THE ANGRY ARAB: Is Lebanon Heading to Partition?

As`ad AbuKhalil says the last two years have been calamitous for the country.

Damage from the explosion in the Port of Beirut, Aug. 5, 2020. (UN Photo, Pasqual Gorriz)

By As`ad AbuKhalil
Special to Consortium News

All is not well in Lebanon. The last two years have been calamitous for the country and its people.

First a severe financial crisis in 2019 wiped out billions in Lebanese deposits (most of the wealthy managed to transfer their fortunes out of the country at various phases before and after the crisis), and then a massive blast hit the Beirut port in August of last year, and severely damaged homes in half of the city.  Coronavirus has only worsened the economic woes of the people. 

The crisis is partly due to the corruption and mismanagement of the sectarian leaders who have ruled Lebanon since the end of the civil war in 1990.  Sharing most of the blame are the late Prime Minister Rafiq Hariri who designed the financial system and began debt accumulation as well as Western-Gulf policies of strangulating Lebanon to exert pressure to disarm Hizbullah.

The aim of the economic strangulation of Lebanon is to secure Israel from any Lebanese right of self defense—in light of regular Israeli violations of Lebanese territory, space, and sea. Arab guarantees of the security and safety of Israeli occupation of Arab lands have been an impudent demand by the U.S. and Israel for decades.

Lebanese social and political divisions are not new; Mount Lebanon was split into two regions in the 19th century, and foreign powers invested heavily in Lebanese segmentation.  By the 19th century, different sects had different foreign patrons.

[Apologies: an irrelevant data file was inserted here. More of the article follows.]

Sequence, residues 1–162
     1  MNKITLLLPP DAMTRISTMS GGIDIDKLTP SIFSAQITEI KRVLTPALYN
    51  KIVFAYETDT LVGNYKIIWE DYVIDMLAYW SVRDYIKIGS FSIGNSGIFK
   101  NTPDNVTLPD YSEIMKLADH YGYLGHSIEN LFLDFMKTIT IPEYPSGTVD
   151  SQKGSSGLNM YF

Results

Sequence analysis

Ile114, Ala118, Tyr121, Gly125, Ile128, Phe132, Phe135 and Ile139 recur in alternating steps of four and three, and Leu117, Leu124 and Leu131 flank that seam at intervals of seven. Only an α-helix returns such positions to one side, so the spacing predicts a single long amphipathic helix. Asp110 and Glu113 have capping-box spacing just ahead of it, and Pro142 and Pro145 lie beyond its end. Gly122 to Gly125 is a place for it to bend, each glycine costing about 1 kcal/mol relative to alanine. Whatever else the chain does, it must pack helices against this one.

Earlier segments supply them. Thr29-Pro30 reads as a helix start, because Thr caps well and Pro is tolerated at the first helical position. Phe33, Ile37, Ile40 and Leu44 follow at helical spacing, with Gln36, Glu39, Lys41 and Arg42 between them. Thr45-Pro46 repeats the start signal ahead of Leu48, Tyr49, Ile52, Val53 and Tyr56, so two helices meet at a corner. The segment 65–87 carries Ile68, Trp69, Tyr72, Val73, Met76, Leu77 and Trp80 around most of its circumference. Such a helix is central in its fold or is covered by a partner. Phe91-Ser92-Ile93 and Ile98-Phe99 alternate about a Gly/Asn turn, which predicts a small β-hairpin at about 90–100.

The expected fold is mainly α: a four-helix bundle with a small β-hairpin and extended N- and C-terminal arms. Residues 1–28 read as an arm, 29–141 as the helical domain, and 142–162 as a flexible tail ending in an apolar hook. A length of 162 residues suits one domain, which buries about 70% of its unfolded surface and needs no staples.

Protests in Beirut’s Martyrs’ Square, Oct. 18, 2019. (Cyrusiithegreat, CC BY-SA 4.0, Wikimedia Commons)

Russia was the patron of the Greek Orthodox, Britain of the Druzes, France of the Maronites and other sects scrambled to keep a low profile hoping to avoid being dragged into a civil war. 

The collapse of the Ottoman Empire didn’t end the foreign patronage system; in fact, it merely accentuated it with the heavy-handed entry of Western powers into the Arab East. France colonized Lebanon after WWI and created what a League of Nations “Mandate system” — which was supposed to be a softer level of colonization leading to eventual independence in comparison to Western brutal control of Africa.

Declared a Country

France proclaimed Greater Lebanon (including parts of Syria) a republic in 1920. Syria became part of the French mandate in 1923.  Lebanon gained nominal independence from France in 1943 (with French troops, which had repressed independence, withdrawing in 1946.)  Syria became independent from the French mandate in 1946.

During the 1975-1989 civil Israel tried to tear the country apart by establishing in 1976 what it called “a buffer zone” in the south, a reference to a region it dominated with its army and a savage client militia, known as South Lebanon Army. 

1978: Lebanese refugees entering the Israeli held town of Abbasiya after being cleared by Israeli soldiers. (UN Photo/John Isaac)